Chantal's family

In 1979 teacher Maureen Ward Alexander and chartered accountant Peter Alexander returned from their Big OE to Hawke’s Bay. Maureen was a farmer’s daughter from a place on the Taihape Road. Peter hailed from a small town south of Auckland called Pukekawa made infamous just a few years earlier by the Crewe murders.

Both became vegetarian while living in Dunedin. Returning to Hawke’s Bay the couple found it hard to buy the whole foods, such as lentils, that were easily obtained when they lived in London. Luckily there was a local vegetarian co-op called Chantal offering access to the foods they sought.

Over time, the co-op grew. Eventually there was enough momentum and business potential that Peter and Maureen, together with Carol and Alan Burke opened a small shop – also called Chantal – in Napier’s Hastings Street. It was 1983.

Forty years later Chantal is still on Hastings Street, albeit a few metres away from the original store and with a much bigger footprint. In that time it has become a trusted focal point for the vegetarian and organic communities.

Every step in the Chantal story has been organic. Original partners Peter and Maureen and Carol and Alan did not start their enterprise with the goal of creating a multi-million dollar business. At its peak under Ward Alexander ownership Chantal grew, and grew, and grew to become a vertically integrated operation incorporating a store and café, organic gardens, and a wholesale business carrying around 1,000 stock lines and supplying other organic shops all around the country, with a total workforce of around 80.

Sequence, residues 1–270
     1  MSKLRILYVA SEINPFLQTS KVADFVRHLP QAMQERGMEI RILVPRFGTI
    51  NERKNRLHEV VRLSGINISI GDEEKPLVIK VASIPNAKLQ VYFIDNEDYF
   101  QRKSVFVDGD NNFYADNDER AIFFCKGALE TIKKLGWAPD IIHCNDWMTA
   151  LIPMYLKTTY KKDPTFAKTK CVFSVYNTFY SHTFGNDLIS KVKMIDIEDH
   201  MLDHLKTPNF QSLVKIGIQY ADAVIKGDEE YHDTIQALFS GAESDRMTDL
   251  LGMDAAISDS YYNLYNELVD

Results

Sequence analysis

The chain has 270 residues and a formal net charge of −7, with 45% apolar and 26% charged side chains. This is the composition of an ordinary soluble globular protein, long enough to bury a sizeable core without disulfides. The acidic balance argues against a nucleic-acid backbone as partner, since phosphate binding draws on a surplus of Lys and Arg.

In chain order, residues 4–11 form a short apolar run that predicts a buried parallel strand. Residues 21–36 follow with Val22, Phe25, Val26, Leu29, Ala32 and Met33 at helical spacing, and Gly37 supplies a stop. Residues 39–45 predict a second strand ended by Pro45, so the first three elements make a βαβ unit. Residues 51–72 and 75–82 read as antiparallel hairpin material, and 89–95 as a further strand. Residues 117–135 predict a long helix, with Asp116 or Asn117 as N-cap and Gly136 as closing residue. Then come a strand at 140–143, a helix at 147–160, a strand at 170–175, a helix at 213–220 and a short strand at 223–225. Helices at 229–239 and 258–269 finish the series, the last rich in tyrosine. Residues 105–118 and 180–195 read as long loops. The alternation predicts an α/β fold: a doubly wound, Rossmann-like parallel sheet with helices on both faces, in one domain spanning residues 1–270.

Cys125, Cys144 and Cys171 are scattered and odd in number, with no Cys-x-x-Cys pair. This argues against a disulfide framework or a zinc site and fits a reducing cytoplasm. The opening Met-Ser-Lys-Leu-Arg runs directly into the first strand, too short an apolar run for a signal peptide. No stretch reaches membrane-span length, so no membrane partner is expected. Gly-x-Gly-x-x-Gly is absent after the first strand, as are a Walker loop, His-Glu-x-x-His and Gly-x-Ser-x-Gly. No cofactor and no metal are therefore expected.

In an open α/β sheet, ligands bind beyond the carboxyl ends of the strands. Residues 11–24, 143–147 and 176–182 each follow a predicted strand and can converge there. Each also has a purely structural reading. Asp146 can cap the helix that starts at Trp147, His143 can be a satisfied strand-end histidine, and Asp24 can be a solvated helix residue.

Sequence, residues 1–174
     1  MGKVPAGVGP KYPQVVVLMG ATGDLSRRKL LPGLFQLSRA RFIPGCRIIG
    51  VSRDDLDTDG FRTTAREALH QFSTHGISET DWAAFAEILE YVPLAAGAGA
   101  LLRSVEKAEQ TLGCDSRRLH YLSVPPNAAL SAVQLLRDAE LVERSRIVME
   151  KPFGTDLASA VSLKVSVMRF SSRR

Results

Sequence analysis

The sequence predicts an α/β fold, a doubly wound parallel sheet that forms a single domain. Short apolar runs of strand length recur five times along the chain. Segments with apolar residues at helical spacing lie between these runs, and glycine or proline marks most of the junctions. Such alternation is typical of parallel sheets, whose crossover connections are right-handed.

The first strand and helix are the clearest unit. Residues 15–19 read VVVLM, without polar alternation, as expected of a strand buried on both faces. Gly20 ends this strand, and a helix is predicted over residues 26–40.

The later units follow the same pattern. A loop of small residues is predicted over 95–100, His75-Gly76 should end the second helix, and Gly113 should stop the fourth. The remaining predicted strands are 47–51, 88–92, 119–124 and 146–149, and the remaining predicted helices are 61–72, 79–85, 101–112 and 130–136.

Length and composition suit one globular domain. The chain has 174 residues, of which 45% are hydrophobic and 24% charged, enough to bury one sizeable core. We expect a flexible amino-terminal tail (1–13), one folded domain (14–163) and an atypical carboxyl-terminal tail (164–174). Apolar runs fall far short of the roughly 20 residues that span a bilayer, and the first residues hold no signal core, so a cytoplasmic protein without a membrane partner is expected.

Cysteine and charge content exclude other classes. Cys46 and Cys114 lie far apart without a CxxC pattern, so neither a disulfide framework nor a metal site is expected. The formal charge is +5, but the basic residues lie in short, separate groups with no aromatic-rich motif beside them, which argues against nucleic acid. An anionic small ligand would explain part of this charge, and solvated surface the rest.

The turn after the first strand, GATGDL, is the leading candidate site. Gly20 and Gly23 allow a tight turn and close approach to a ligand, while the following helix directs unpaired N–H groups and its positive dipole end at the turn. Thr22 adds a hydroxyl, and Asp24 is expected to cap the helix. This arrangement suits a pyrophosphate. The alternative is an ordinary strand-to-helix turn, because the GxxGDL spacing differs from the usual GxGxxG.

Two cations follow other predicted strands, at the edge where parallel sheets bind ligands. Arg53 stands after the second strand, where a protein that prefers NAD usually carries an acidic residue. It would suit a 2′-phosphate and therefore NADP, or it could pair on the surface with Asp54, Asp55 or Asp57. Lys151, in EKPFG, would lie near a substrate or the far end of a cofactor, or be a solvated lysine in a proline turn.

It wasn’t intentional per se, it just happened. A case of seeing opportunities and taking them. 

Maureen talks about how the Chantal range expanded into supplements in the early 80s. “A woman with a supplement shop in the mall was closing down. We weren’t going to have supplements, but she wanted to ensure ongoing supply for her customers and asked if we would take the products on.”

Going wholesale

The wholesale business had a similar low key beginning, founded on a surplus of carrots, explains Peter.

“One of our growers had more carrots than we could sell. So I rang up some of the Auckland shops and said, do you want some organic carrots? And they all said yes. So that was how we actually started.”

The wholesale organic range expanded into dry goods from an experience Peter had with a raisin supplier, after comparing prices and estimated margins. 

“I considered he was making too much, so we started selling raisins and made a fair profit.”

Chantal Wholesale – supplying other organic stores – was run from the back of the shop, until it got too big, says Maureen.